by Bryan Teixeira
The NGO Delegation welcomes UNAIDS’ engagement with civil society. We know that UNAIDS has engaged with civil society in a variety of ways. However, the NGO Delegation proposes a reality check regarding two specific current threats to the meaningful involvement of civil society and key populations, including children and youth, in addressing the HIV epidemic.
Firstly, we note an erosion of enabling environments in certain parts of the world that is undermining the ability of key populations to easily access HIV services and for the wider civil society to actively support them in this effort. We understand that a key aspect of this of this erosion is a matter of a lack of protective and progressive legal frameworks aligned with a renewed stigma and prejudice at least partly resulting from a rise in various forms of religious fundamentalism.
We affirm and continue to value the vital role of faith-based healthcare professionals as partners in HIV prevention, treatment and care. However, we call on UNAIDS to elaborate a strategy to specifically address the spread of religious fundamentalism relative to its impact on universal access to HIV services.
Secondly, we note on one hand the recognition of the importance of keeping civil society and key communities in the front of the AIDS response, while on the other hand we observe that the funds for civil society continue to decrease. We have explored this discrepancy in detail in a previous report to the PCB and would now like to remind the PCB of the relevant approved decision points from the 30th PCB:
5.3 Requests UNAIDS, in collaboration with Member States, to advocate that existing funding for civil society be continued and that mechanisms for civil society support and accountability be enhanced within the new Global Fund to fight AIDS, Tuberculosis and Malaria architecture including through the national Global Fund to fight AIDS, Tuberculosis and Malaria Country Coordination Mechanisms;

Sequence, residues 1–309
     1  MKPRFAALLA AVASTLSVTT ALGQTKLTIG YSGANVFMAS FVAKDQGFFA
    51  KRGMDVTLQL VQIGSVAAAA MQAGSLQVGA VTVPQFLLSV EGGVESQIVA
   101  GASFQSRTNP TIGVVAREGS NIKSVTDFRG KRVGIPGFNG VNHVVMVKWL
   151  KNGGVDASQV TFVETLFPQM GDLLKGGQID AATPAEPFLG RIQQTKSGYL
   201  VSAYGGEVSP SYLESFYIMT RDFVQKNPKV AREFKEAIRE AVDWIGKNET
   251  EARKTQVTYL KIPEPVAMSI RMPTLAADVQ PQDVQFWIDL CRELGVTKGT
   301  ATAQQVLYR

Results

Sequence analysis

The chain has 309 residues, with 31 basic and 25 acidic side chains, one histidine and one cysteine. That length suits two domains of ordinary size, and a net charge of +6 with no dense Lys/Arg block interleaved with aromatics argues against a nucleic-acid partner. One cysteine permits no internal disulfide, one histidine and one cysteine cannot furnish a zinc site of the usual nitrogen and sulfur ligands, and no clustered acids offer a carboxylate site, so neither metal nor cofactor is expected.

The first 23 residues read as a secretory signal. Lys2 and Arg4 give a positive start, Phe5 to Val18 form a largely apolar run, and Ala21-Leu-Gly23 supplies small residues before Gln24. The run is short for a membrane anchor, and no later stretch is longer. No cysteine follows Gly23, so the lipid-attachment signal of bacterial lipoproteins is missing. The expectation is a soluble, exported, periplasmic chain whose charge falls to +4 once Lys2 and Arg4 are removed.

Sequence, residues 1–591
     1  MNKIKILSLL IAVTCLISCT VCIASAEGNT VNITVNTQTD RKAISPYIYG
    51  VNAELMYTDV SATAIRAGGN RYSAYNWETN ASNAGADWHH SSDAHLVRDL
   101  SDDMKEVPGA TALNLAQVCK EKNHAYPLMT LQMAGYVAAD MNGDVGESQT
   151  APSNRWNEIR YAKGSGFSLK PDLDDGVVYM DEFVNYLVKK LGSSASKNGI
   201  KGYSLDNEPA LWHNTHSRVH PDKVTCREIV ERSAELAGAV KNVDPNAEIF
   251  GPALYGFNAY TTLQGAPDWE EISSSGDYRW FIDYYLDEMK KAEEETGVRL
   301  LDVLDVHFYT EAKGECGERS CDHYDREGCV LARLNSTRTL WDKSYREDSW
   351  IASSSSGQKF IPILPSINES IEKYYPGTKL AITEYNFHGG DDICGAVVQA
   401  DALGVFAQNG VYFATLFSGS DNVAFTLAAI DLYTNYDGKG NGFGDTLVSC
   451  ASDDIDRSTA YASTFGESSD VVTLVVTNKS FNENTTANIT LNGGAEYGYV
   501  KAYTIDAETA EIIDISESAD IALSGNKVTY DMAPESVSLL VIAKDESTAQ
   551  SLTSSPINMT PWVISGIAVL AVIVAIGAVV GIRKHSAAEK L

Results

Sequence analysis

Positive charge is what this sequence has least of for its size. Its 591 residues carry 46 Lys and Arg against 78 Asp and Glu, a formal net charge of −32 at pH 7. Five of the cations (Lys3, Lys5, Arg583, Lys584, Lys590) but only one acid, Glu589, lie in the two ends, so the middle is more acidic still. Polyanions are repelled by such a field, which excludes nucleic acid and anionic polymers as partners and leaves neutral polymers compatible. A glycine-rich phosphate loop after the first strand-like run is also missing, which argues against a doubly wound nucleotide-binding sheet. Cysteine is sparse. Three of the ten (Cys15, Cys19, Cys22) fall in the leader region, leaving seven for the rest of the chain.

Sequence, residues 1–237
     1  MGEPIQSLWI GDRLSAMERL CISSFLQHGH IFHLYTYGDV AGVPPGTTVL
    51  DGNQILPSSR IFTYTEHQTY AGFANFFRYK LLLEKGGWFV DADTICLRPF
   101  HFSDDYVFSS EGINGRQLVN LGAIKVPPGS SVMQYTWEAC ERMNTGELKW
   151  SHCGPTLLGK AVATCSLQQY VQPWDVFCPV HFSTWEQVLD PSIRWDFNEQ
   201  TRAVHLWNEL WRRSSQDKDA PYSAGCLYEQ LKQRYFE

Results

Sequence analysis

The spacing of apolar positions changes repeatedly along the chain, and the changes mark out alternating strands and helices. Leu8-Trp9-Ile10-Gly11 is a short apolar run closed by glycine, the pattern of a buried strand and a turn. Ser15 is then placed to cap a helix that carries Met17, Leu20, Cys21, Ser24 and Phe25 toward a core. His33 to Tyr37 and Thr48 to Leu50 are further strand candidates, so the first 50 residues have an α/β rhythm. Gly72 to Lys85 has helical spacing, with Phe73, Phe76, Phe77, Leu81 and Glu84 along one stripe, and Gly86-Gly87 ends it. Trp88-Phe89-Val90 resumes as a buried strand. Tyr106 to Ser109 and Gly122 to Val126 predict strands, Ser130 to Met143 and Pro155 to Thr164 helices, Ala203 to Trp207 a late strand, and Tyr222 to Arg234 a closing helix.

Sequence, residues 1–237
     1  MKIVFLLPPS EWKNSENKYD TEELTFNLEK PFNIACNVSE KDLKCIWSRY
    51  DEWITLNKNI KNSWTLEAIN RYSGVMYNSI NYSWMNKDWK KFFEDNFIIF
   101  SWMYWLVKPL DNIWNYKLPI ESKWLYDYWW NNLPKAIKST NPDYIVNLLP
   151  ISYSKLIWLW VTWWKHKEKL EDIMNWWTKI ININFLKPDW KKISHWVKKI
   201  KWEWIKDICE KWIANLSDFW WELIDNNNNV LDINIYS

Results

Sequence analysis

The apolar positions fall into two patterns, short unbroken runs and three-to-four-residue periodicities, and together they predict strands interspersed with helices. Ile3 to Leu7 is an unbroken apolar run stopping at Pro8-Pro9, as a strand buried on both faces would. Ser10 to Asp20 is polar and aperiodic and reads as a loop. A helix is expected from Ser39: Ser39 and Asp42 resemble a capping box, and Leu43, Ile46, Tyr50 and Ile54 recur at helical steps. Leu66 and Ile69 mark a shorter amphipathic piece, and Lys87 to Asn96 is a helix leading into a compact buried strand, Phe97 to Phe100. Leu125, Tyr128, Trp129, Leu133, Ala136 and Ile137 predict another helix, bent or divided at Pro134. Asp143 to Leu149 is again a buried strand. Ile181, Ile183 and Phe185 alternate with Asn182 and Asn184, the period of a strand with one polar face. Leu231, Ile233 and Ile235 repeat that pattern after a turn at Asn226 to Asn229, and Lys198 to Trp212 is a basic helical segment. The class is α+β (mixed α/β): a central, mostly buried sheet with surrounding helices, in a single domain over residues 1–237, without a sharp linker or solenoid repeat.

5.4 Requests UNAIDS, in coordination with Member States, to improve civil society capacity to advocate for efficient, culturally-sensitive and effective responses to HIV and AIDS in alignment with the 2011 Political Declaration and to build knowledge focused on HIV funding mobilization, and mobilising to address barriers to the AIDS response, especially in the field of prevention, treatment, care and support in particular those addressed in paragraph 71 of the 2011 Political Declaration;
5.5 Requests UNAIDS to propose ways forward and options to address the documented decreases in funding especially affecting developing countries and to support Member States’ and civil society’s capability to meet the goals laid out in the 2011 Political Declaration on HIV and AIDS and the HIV-related Millennium Development Goals by 2015.
We call on UNAIDS to take active steps to implement these approved decision points and to report to the PCB on its progress in 2014.